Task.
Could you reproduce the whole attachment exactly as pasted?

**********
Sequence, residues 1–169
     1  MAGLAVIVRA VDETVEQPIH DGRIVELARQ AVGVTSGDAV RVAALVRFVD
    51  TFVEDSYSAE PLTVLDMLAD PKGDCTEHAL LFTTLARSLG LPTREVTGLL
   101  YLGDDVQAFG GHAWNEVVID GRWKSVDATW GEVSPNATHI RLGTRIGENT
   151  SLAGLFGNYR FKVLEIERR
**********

Sequence, residues 1–169
     1  MAGLAVIVRA VDETVEQPIH DGRIVELARQ AVGVTSGDAV RVAALVRFVD
    51  TFVEDSYSAE PLTVLDMLAD PKGDCTEHAL LFTTLARSLG LPTREVTGLL
   101  YLGDDVQAFG GHAWNEVVID GRWKSVDATW GEVSPNATHI RLGTRIGENT
   151  SLAGLFGNYR FKVLEIERR